This workshop brings together scholars, artists, museum professionals and the public to reflect on the challenges and power of presenting difficult and unsettling archival images in the public realm. What is the impact of using images which depict discrimination, racial hatred or genocidal violence?
Ruth Beckermann documents the process of uncovering former UN Secretary General Kurt Waldheim’s wartime past. Created from international archive material and footage Beckermann shot at the time, the film analyses the collapse of the Austrian grand illusion: “having been the first victim of the Nazis”.
Associations between Jews and money have informed the history of Jewish men and women for millennia and have also given rise to some of the most deeply entrenched Jewish stereotypes. In this workshop we aim to explore the connections – real and imagined – between Jews and money.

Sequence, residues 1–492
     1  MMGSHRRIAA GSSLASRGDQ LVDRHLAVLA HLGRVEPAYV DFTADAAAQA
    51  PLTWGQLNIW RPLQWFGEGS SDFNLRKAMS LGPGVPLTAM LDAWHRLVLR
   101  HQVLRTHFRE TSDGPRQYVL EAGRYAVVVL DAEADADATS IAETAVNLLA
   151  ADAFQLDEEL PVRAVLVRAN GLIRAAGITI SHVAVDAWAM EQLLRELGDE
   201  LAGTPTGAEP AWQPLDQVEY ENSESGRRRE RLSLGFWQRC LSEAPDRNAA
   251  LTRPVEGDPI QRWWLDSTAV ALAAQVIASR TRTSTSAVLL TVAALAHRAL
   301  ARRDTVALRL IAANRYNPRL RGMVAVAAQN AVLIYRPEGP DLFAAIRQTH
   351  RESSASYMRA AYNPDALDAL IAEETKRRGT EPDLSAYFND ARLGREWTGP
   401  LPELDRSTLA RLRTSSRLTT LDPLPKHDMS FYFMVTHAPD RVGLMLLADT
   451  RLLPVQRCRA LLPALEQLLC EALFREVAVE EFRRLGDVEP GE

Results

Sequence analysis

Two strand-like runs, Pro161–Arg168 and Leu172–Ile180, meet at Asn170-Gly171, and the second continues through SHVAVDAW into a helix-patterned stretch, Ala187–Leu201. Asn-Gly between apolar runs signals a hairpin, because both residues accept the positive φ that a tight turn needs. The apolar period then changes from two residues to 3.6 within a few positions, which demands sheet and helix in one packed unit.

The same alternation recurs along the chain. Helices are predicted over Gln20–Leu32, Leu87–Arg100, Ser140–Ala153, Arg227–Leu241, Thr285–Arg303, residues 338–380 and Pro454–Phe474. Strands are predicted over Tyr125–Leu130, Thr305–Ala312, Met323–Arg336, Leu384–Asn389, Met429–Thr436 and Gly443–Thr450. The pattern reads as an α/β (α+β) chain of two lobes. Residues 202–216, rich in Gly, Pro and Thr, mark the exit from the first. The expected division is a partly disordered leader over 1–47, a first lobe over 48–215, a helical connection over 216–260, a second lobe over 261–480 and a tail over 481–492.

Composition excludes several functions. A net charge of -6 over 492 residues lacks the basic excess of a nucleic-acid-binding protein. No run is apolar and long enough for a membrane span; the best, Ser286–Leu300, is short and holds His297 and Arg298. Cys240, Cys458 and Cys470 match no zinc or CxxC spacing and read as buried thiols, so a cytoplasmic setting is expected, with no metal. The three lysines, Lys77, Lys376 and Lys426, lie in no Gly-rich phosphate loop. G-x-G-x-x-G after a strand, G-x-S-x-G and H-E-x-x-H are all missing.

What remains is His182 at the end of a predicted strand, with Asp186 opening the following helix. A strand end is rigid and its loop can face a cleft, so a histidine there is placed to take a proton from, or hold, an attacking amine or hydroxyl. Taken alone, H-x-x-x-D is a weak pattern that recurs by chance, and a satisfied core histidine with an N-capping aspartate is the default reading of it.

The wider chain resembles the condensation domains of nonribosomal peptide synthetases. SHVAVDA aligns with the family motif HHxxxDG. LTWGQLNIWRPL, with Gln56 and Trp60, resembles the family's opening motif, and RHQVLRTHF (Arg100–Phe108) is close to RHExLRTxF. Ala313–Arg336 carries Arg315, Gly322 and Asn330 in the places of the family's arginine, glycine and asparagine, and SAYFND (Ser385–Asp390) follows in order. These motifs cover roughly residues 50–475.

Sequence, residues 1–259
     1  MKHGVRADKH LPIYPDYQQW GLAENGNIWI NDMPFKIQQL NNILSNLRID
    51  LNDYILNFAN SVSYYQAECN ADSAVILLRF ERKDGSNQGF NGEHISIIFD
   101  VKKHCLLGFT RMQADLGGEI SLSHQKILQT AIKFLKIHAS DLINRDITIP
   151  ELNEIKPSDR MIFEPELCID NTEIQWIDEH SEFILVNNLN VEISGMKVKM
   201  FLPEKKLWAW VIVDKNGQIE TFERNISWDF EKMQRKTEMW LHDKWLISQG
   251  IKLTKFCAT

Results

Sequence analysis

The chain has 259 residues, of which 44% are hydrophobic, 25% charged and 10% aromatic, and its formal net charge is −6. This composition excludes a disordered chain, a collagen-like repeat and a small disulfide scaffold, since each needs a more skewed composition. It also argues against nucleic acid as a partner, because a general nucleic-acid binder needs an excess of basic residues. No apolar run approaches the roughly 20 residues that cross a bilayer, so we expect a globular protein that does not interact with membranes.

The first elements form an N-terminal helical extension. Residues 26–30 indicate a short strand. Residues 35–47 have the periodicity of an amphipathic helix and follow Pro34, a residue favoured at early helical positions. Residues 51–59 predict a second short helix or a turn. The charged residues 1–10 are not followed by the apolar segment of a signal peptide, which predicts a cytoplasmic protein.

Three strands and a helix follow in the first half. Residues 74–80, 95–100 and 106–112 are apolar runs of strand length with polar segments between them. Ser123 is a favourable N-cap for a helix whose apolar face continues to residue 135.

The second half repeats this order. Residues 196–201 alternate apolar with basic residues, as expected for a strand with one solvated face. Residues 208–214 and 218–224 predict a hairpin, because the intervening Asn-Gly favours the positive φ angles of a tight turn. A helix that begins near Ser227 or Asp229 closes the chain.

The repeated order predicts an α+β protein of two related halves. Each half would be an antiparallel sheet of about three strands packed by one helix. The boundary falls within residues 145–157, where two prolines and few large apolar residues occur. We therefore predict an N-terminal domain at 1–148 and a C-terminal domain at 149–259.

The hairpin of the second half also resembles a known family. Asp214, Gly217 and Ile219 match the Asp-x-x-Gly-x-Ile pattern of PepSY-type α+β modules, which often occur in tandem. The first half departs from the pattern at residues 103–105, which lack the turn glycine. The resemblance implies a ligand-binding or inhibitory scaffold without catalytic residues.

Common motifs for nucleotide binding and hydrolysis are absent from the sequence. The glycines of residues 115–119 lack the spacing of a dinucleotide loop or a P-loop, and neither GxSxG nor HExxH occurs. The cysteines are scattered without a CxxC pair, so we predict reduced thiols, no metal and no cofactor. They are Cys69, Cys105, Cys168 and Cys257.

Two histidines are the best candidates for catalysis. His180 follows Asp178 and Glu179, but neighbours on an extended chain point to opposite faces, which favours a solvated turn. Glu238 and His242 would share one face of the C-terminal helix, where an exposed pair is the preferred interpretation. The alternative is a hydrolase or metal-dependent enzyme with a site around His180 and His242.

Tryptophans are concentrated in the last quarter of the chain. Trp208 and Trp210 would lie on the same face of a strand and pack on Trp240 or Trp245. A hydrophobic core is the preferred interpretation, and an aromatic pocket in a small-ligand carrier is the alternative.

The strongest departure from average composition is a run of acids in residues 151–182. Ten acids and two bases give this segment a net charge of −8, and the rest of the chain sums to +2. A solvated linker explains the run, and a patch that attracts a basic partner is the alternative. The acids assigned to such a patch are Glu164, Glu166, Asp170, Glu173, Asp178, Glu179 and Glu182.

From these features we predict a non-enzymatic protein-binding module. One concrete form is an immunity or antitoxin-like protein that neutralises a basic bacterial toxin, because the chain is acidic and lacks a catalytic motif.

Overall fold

In the long history of Jews and business, few phenomena have been more formative than Jewish peddling. In this lecture Hasia Diner explores the contours of this history. She reveals how the practice of peddling changed over centuries, and what its impact has been on the great Jewish migrations out of Europe.
Through such vivid literary characters as Shylock, Fagin, and the notorious Jud Süß, the stereotype of the swarthy, hook-nosed, grasping Jewish moneylender has become a staple of western antisemitic discourse. In this talk Professor Lipton traces the slowly evolving image of Jews in medieval art, depicted first as worldly and materialistic, and, ultimately, dangerous and demonic.